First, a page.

The excerpt below is from Multi-level conversion: High voltage choppers and voltage-source inverters by T.A. MEYNARD, H. FOCH.
From the figure, how do you know that the voltage drop across each switch is E/2?
For realistic model, every switch has parasitic capacitance between its terminal (and maybe finite open switch resistance). So the voltage drop across each switch is E/2.
Do you agree with this explanation?
Now let's assume that the switch is ideal (no parasitic capacitance, infinite open-switch resistance), what is the voltage drop across each switch? Is it still E/2?
In the field of High Voltage Power Conversion, the circuit designer is often confronted to a serious problem: there are no semiconductors capable of sustaining the desired voltage (traction application for example). For this reason, circuit designers proposed several converter topologies in which only a fraction of the voltage is applied to each switch.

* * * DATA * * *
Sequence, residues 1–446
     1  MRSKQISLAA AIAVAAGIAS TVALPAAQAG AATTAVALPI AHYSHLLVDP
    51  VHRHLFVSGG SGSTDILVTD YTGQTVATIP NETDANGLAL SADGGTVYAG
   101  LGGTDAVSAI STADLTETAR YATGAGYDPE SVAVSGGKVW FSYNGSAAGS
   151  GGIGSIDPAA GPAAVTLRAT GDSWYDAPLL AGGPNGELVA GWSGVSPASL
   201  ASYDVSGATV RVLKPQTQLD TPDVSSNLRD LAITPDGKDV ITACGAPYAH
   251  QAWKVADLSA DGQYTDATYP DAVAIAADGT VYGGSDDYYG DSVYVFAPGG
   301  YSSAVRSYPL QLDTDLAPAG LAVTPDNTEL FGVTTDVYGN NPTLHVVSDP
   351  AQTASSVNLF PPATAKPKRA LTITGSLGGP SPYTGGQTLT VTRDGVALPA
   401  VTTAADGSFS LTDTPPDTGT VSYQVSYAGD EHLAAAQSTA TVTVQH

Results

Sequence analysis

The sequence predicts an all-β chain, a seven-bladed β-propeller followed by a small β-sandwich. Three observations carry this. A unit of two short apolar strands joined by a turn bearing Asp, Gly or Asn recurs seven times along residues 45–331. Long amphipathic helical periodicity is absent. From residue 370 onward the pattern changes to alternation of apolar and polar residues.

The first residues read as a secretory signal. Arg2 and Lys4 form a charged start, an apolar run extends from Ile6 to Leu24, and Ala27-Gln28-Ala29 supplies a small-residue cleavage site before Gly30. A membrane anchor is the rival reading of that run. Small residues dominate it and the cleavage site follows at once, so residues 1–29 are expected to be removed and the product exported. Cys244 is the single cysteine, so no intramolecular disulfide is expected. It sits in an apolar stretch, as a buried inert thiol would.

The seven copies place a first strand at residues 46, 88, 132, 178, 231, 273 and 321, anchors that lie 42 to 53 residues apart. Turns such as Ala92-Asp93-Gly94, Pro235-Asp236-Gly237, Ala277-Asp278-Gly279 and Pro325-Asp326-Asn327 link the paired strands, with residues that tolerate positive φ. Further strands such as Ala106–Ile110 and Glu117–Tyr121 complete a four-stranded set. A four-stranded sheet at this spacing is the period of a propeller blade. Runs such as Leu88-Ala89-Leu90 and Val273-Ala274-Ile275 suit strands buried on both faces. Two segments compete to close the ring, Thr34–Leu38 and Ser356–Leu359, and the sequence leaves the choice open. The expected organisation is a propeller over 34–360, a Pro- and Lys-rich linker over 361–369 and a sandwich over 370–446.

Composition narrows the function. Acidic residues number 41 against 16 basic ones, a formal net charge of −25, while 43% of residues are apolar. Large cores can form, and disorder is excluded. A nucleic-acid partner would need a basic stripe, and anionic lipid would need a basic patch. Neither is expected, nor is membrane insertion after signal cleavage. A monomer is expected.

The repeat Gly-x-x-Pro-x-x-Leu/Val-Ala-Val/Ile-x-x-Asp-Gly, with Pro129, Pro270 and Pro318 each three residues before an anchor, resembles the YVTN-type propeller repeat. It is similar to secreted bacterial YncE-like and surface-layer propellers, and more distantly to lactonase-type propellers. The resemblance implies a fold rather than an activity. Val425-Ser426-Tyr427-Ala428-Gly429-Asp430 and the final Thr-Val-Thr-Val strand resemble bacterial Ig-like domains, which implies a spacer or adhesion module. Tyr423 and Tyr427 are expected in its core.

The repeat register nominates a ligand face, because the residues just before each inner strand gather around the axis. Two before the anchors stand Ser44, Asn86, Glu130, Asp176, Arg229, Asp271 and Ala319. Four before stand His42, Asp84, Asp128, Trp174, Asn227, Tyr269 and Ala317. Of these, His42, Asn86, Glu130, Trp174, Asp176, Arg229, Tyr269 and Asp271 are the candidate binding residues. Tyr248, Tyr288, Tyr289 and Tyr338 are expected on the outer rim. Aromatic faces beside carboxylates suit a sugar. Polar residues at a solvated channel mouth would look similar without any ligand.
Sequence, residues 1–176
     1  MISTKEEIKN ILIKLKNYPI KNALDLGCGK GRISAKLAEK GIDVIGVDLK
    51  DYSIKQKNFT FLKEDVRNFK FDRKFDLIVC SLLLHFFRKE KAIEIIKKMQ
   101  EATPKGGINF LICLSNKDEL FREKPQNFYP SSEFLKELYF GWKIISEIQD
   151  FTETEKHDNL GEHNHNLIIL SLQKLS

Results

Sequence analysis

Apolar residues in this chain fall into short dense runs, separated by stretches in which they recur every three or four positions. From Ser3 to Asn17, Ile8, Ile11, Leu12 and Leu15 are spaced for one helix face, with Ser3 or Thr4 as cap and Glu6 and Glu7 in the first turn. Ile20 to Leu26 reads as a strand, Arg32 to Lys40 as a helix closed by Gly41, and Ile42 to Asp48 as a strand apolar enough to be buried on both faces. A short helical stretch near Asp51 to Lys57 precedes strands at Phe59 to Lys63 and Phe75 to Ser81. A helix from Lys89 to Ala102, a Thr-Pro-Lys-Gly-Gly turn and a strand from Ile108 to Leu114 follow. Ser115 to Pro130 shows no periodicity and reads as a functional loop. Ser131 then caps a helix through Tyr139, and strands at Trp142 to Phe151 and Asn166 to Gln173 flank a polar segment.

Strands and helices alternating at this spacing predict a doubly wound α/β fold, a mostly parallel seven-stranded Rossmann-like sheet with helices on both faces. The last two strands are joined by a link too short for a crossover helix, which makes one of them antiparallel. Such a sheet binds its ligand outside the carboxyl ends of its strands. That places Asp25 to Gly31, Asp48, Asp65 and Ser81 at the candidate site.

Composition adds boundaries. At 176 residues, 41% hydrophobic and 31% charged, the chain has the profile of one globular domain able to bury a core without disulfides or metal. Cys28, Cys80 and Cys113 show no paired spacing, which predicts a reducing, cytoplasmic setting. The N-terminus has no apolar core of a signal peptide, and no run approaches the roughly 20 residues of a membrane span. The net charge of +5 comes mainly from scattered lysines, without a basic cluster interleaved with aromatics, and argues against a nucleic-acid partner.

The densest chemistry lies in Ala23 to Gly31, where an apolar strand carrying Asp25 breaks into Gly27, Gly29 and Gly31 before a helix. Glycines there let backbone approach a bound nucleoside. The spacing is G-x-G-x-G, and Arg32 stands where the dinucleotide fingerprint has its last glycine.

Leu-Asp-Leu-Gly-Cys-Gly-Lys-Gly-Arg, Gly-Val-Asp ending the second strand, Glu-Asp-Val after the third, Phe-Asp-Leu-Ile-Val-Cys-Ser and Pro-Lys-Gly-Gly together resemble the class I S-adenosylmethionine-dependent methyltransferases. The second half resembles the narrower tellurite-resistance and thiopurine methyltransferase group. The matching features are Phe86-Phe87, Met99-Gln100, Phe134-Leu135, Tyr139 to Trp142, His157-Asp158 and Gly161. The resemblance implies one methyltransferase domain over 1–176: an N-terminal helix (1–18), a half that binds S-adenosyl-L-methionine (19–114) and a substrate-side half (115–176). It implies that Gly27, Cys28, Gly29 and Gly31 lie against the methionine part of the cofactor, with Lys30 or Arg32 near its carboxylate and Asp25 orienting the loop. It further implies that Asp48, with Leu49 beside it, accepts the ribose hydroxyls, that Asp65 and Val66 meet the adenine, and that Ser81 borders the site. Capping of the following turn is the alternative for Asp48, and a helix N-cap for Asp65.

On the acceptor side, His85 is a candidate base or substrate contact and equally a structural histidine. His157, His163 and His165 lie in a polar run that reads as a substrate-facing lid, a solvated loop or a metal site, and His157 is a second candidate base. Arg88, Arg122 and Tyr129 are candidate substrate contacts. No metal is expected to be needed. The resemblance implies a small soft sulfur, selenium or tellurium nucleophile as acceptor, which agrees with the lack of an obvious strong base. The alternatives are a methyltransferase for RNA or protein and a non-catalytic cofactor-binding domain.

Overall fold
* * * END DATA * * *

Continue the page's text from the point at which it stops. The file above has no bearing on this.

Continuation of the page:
SERIES CONNECTION OF SEMlCONDUCTORS
The first solution involves series connection of several switches controlled in synchronism, thus obtaining the equivalent of a high voltage switch (Fig. 1).